Tuesday, March 18, 2008

The W.B. Yeats/ Post Saint Pat's Day Post

Ok this is gonna be a quickie post-- I meant to write a bit more and make it nicer, but my computer is mad at me and I am behind on my readings on African resistance to colonialism.....
Ken left some lovely gifts and thoughts in the comments of the Saint Pat's Day post so go take a look see:

THE BUCKAROO BANZAI SOUNDTRACK!!! (link in comments of last post)
Yesterday, I got so caught up listening to the BUCKAROO BANZAI OST as soon as I downloaded (MY LIFE IS NOW COMPLETE) that I forgot to check on our corned beef for a bit... Whooops, but I think turned out just fine. I was watching Good Eats with Alton Brown last week on the FoodNetwork, in the middle of all the Diners, Drive-Ins, and Dives I was watching, and the topic was corned beef (I am postive I watched the same one last year). He had a rabbi and an Irish Catholic priest in a bar, and it was quite funny. Apparently (said the food anthropologist who always pops out, this time she was behind the bar) corned beef is something the Irish immigrants to America adopted from their Jewish neighbors in places like NY as a substitute for their side of Irish bacon... People in Ireland didn't eat it, and prolly couldn't really have if they wanted to because beef and salt were so expensive. Thought that was pretty interesting. I LOVE corned beef and the leftovers turned into corned beef hash. yummmmm.

AND two lovely lovely songs:
here's what Ken has to say:

It's funny how often Yeats is used as a resource or as inspiration for songwriters, two of my favorite songs are based on his poetry: Karan Casey - the Song of Wandering Aengus (Songlines) and the Waterboys with Tomas McKeown - the Stolen Child (Fisherman's Blues) - the poems are obviously incredible source material, but (for me, anyway) the performers really bring the emotions captured in the pieces to a focus - very tragic, very melancholy.

I quite agree, the tracks are truly lovely and W.B. Yeats is wonderful. I put the two songs with the Clancy Bros reciting "The Host of the Air," the Alias Acoustic Band with the "Easter 1916" from the St. P's Day post, and W.B. Yeats himself reading "The Lake Isle of Innisfree" and "The Song of the Old Mother" for a mini Yeats mix thing. You can grab that here.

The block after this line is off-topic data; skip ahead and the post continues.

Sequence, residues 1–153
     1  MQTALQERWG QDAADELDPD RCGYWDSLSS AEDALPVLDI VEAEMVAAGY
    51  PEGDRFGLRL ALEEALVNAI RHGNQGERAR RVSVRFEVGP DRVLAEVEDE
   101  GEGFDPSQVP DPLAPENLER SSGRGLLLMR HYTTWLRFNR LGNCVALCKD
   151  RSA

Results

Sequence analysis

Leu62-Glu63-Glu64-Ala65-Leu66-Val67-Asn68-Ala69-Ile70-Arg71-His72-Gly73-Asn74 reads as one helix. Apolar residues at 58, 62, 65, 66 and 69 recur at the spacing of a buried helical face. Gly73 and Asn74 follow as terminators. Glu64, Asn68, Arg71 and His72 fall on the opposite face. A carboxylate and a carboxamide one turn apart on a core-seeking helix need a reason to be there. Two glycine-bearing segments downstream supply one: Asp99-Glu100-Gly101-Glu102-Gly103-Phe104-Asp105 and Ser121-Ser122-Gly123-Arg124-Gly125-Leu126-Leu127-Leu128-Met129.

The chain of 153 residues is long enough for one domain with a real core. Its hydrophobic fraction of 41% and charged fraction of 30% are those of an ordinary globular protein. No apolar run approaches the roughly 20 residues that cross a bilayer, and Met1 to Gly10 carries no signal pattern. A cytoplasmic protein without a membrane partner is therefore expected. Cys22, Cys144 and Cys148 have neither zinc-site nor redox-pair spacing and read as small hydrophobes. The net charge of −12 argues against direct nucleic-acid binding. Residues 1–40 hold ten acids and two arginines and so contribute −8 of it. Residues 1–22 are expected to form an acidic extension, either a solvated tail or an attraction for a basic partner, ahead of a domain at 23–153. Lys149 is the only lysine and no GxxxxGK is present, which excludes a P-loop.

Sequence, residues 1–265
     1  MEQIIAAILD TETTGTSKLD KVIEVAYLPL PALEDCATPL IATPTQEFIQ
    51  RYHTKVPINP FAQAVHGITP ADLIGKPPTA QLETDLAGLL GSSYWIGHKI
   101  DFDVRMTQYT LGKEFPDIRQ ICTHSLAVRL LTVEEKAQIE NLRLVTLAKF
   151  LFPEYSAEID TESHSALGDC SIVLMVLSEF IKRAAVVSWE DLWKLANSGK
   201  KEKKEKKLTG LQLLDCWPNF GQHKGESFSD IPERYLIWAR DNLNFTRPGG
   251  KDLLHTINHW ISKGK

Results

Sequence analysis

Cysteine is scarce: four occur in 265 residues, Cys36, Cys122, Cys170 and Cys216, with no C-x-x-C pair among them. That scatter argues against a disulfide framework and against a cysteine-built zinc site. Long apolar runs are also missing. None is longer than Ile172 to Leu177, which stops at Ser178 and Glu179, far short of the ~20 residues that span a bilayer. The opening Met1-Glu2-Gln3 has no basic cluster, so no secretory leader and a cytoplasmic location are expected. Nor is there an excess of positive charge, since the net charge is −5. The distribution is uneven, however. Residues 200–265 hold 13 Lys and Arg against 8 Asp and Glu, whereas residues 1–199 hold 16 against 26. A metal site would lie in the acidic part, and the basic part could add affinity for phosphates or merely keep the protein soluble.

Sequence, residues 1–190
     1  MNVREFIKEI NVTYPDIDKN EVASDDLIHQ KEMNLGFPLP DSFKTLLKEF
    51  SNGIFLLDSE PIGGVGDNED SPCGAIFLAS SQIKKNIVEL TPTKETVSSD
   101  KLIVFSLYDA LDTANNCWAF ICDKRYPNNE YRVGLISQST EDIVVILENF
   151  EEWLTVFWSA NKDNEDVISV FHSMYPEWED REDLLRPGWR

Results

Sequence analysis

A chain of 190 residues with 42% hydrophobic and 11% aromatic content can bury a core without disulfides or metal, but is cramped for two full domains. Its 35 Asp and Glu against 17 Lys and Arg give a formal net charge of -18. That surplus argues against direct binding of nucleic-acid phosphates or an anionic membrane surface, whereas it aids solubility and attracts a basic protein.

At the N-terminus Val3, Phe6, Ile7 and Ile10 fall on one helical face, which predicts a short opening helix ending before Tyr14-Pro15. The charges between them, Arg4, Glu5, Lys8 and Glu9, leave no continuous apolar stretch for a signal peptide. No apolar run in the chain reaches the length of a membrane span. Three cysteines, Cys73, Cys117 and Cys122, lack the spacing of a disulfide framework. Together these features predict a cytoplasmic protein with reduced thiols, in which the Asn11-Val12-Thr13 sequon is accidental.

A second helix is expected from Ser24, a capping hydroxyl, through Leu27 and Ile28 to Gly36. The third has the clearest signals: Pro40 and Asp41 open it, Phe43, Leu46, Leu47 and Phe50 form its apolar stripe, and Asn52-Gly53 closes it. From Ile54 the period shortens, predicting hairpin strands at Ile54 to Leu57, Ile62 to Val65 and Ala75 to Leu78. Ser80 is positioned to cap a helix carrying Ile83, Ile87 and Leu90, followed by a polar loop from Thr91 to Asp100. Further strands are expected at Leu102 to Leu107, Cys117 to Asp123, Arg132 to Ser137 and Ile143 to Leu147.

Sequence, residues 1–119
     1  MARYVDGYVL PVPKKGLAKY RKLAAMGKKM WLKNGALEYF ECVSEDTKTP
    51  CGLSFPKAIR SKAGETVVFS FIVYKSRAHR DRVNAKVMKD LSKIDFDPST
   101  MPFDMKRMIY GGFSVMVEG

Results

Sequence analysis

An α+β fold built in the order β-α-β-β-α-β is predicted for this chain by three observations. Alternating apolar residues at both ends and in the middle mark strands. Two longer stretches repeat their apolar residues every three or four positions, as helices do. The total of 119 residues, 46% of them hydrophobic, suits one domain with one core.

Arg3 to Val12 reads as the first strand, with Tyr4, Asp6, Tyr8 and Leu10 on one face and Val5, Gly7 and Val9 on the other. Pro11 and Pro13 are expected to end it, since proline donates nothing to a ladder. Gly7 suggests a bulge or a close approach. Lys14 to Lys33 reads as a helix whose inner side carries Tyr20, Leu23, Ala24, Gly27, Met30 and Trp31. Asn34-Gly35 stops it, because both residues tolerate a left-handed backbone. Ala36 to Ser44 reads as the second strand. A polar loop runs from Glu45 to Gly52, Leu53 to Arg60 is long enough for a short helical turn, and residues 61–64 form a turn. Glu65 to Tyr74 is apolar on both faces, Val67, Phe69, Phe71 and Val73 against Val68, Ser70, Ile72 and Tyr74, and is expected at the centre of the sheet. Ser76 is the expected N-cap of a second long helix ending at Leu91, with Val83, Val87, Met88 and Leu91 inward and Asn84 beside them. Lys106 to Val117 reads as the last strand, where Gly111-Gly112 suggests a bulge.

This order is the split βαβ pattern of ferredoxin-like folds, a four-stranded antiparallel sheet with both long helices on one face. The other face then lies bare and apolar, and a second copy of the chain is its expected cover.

And Nazz Nomad at Bleedin' Out posted a live X show recently here, so thanks very much to him!

And some post-Saint Patrick's Day babble:
I went to see the Young Dubliners at midday on Monday, performing at Pershing Square in Downtown LA at the end of a St. Patrick's Day parade (didn't know LA had one...). The concert started a bit late, bc they kept bringing out minor celebraties to say a few words (it IS LA, afterall), so I saw Robert Patrick (is that his name), Perry King ( I know him of the voice of Han Solo on the amazing NPR Star Wars radio drama), Eric Estrada, and some other people. Finally, the Young Dubliners played, and they were quite excellent. They played their own material, as well as "The Foggy Dew," "Waxies' Dargle" and a cover of the Pogues'"If I Should Fall From the Grace of God." And some other things I recognized... I can't remember what.... Anyway, quite good, it was a warm day, I attempted to work on my pitiful [lack of] tan.... (The weather here in LA has been pretty darn nice, mostly in the 70s, except for on Saturday, when I was hiking in the San Gabriel Mountains, and it started to hail, then snow considerably on us. I thought I had left New England... Guess I thought wrong. It was a pretty silly situation.)

Made me think of how, a couple weeks ago, an Boston Irish punk band, Pub Crawler, came to my campus and performed in a tiny tiny space, considering they had like 9 guys in the band. They were really good, so they should be checked out given the opportunity. They are kinda like the Tossers, from the little I have heard of the Tossers, and even played "Dirty Old Town" and "Sally MacLennane." They were especially a much appreciated break from all the overly earnest college radio type music you hear around campus. I personally think earnesty is overrated....

OH and PS, if anyone is ever planning to go to Little Toyko/ J-Town on a Monday in LA, DON'T. Everything is closed, I was planning on having a lovely bowl of cold somen after the concert for a very St Patrick's Day themed lunch... but our (notice the possesive-- it is MY resturant) was CLOSED. It was tragic. Ended up going to a different place, called Mr. Ramen and having a ramen and gyoza, but it was still tragic.

Ok now I am going to get back to reading about Africa in the colonial period, which I have been pretending to do for the last week...... Maji Maji Rebellion, here I come....

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